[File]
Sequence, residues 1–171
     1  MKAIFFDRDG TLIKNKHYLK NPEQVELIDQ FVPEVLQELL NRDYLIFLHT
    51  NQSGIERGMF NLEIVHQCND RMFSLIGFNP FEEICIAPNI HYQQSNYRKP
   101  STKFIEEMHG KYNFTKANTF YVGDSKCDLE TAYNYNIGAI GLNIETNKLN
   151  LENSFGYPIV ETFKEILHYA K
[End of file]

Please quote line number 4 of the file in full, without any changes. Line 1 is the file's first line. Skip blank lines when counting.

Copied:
   101  STKFIEEMHG KYNFTKANTF YVGDSKCDLE TAYNYNIGAI GLNIETNKLN